Today we have Mona Shroff talking about one of my favorite tropes, secret baby. Mona’s debut novel Then, Now, Always is out tomorrow, January 28. If you are in the Maryland/DC/Virginia area, Mona will be signing books at Turn the Page, Nora’s bookstore on Saturday, February 1.
(note from Kini: I am friendly with Mona after I met her through local books friends last year)
The secret baby trope is one of those that elicits strong feelings. You either love it or hate it, and I love it! Why do I love it? So glad you asked.
I love the possibility of a second chance (another trope, I know, but second chances make me swoon, too!). The main characters may have been deeply in love or they could have just had a casual hook-up that resulted in this child. If they were in love, the heroine may feel that it is better for all, if the hero does not know about the child when they break up. If it’s a casual hook-up, it’s usually a hook-up that is beyond amazing, but the couple goes their separate ways.
A secret can only stay secret for so long. Especially true for a secret baby. We all know that there’s no way the baby can stay secret forever. If nothing else, the child will want to know who the other parent is, and a reveal is imminent. Some stories will allow the ‘unknown’ parent (let’s say it’s the father) to fall in love with the heroine and the child without knowing the child is his. Upon the Big Reveal, he’s so in love with them both, the happy ending is easy. Others will reveal parentage early on and spend the book watching all parties come to terms with the why’s and how’s of the secret.
A child in the story is a great way to show insight into your characters, by how they treat and react to the child. This is fantastic, because aren’t we always struggling to let our readers know things about our characters without actually telling them? You can show the loving and playful side of a tough, alpha male through his interactions with a child. You can show the tough protective side of the heroine in how she handles her child. It is through these interactions, that we can watch our characters grow.
The secret baby trope is also useful in eliciting emotion. Recall the movie ‘Real Steel’ in which eleven year old Max wasn’t exactly a secret, but Charlie (Hugh Jackman) has had very little to do with him since his birth. Max is savvy for his young age, and quite determined, but he’s still a child. Charlie is selfish and in debt. His interactions with the determined Max reveal a side of his character that was probably not even known to him.
These tend to be stories about forgiveness and growth, about seeing the good in people even when confronted with mistakes they may have made. Secret babies open the door for a very deep level of forgiveness for both parties. In the end, if both parties have enough growth to forgive the other for past mistakes, true love has room to grow.
In modern times, it is possible to parent the secret baby and not be a couple. There can be a level of forgiveness that allows for co-parenting, but not much more. But that won’t work for those of us in romance. That’s not a HEA or a HFN. We want them to be together. It’s important to build the main characters’ relationship independent of the child. This, to me, is the biggest challenge of the secret baby trope. If executed well enough, the reader gets a HEA with a whole family. And that is why we are here. For Happily Ever After.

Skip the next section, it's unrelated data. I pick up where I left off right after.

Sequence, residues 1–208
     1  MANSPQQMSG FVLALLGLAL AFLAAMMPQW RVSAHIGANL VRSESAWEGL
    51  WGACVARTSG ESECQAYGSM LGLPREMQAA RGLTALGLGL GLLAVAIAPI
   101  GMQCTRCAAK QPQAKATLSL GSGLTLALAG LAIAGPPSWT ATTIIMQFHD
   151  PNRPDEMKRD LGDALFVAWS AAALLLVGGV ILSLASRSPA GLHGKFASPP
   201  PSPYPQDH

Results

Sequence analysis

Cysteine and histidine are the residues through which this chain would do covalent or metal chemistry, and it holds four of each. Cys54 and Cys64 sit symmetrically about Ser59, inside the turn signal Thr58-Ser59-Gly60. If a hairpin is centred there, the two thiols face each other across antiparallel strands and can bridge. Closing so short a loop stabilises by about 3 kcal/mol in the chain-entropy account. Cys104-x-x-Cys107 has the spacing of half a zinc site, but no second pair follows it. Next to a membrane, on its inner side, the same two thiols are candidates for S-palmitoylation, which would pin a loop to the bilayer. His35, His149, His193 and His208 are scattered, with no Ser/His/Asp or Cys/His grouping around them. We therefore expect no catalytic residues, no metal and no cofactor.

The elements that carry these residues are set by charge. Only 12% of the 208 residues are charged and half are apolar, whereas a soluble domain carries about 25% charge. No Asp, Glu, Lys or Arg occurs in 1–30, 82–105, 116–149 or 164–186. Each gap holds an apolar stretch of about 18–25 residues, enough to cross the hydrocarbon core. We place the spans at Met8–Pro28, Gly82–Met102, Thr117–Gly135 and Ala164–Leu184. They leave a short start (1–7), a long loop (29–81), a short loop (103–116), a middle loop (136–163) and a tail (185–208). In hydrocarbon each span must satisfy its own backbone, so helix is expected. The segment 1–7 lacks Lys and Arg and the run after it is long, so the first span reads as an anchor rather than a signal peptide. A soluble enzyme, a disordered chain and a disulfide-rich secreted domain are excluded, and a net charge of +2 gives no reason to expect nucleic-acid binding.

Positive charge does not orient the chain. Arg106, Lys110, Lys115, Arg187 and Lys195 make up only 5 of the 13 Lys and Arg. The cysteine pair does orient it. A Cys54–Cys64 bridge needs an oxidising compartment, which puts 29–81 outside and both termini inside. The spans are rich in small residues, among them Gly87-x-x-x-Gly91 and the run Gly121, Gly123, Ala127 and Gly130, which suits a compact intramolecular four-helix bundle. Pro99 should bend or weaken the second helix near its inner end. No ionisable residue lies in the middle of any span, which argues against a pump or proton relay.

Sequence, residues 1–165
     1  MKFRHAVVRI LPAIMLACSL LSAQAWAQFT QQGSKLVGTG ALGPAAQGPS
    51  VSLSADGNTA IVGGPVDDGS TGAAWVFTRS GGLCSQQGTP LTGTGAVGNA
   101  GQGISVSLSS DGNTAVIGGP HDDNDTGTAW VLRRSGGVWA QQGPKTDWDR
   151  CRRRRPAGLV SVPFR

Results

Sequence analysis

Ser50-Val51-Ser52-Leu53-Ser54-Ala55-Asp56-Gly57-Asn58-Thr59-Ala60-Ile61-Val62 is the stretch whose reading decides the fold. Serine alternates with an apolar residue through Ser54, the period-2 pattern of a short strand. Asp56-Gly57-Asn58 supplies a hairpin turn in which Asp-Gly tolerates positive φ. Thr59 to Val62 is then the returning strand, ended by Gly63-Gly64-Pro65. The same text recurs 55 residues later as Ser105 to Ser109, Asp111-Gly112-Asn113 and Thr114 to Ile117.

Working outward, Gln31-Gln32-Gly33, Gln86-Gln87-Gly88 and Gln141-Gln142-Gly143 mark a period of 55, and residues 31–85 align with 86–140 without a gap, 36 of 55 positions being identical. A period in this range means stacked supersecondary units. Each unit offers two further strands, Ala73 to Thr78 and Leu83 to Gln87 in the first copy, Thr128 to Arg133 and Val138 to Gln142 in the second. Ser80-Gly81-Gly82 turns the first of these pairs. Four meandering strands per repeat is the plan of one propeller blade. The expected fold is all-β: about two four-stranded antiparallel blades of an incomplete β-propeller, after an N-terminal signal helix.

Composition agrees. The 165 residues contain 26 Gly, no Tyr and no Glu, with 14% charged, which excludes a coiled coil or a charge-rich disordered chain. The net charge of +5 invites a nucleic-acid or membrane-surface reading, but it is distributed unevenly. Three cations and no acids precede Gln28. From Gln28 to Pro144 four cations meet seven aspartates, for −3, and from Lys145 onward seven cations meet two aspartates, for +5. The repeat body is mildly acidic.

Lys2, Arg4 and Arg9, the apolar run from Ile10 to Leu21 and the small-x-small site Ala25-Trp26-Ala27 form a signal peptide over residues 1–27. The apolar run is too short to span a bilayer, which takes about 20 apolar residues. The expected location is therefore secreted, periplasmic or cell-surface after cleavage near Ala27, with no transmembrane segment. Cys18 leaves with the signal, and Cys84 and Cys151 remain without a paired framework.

About the book– Then, Now, Always by Mona Shroff
Sometimes first love is better the second time around.
Maya Rao has made her own dreams come true: she’s the owner of a bustling café and bakery in New York and the mother of a beautiful teenage daughter, Samantha. But when Samantha lands in legal trouble over a misdemeanor she didn’t commit, Maya is desperate. Desperate enough to call Samantha’s dad, Sam Hutcherson, whom Maya left abruptly many years ago, and who is now a successful lawyer. The problem? Sam doesn’t know he has a daughter.
Sam has put Maya firmly in his past, despite how shattered he was when she broke his heart. So he’s both dumbfounded and furious to find Maya outside his office asking for his help—with a picture of a girl who looks just like him. But as Sam reconnects with Maya, those old sparks begin to fly. Can he even picture a future with the woman who wrecked his past?
About the Author
Mona was born in New Jersey and grew up in Bucks County, in the suburbs of Philadelphia. Growing up she was a quiet kid and had few friends but she valued the quality of each of her friends, not the quantity of her friends.
She attended the University of Michigan and graduated with a degree in Biopsychology. Mona continued her education at the Pennsylvania College of Optometry, graduating with her Doctorate in Optometry. Mona married first (and only!) love, Deven, at the age of 25. Deven was a dentist in the army and they spent the next nine years travelling to different parts of the world and country while raising two young children.
Mona always loved to write, but did not get serious about it until 2011. She entered a contest where she had to start a short story with the words “Heads we get married, tails we break up”. She ended up losing the contest but she really loved the whole process of creating a plot, developing characers and putting a thought down on paper. Her first novel, Now, Then, Always, is a romance novel based on that prompt. When she’s not writing or checking eyes or doing laundry or cooking dinner or chauffeuring around her children, she trains for triathlons and loves to bake. Her favorite part of a triathlon is the bike portion, with swimming a close second. She runs because it’s included in the race. One of her ‘claims to fame’ is a quick appearance on the Today Show in 2012 as a semi-finalist in the ‘Quest for the Best Homemade Birthday Cake’ Contest. She is currently working on her second romance novel.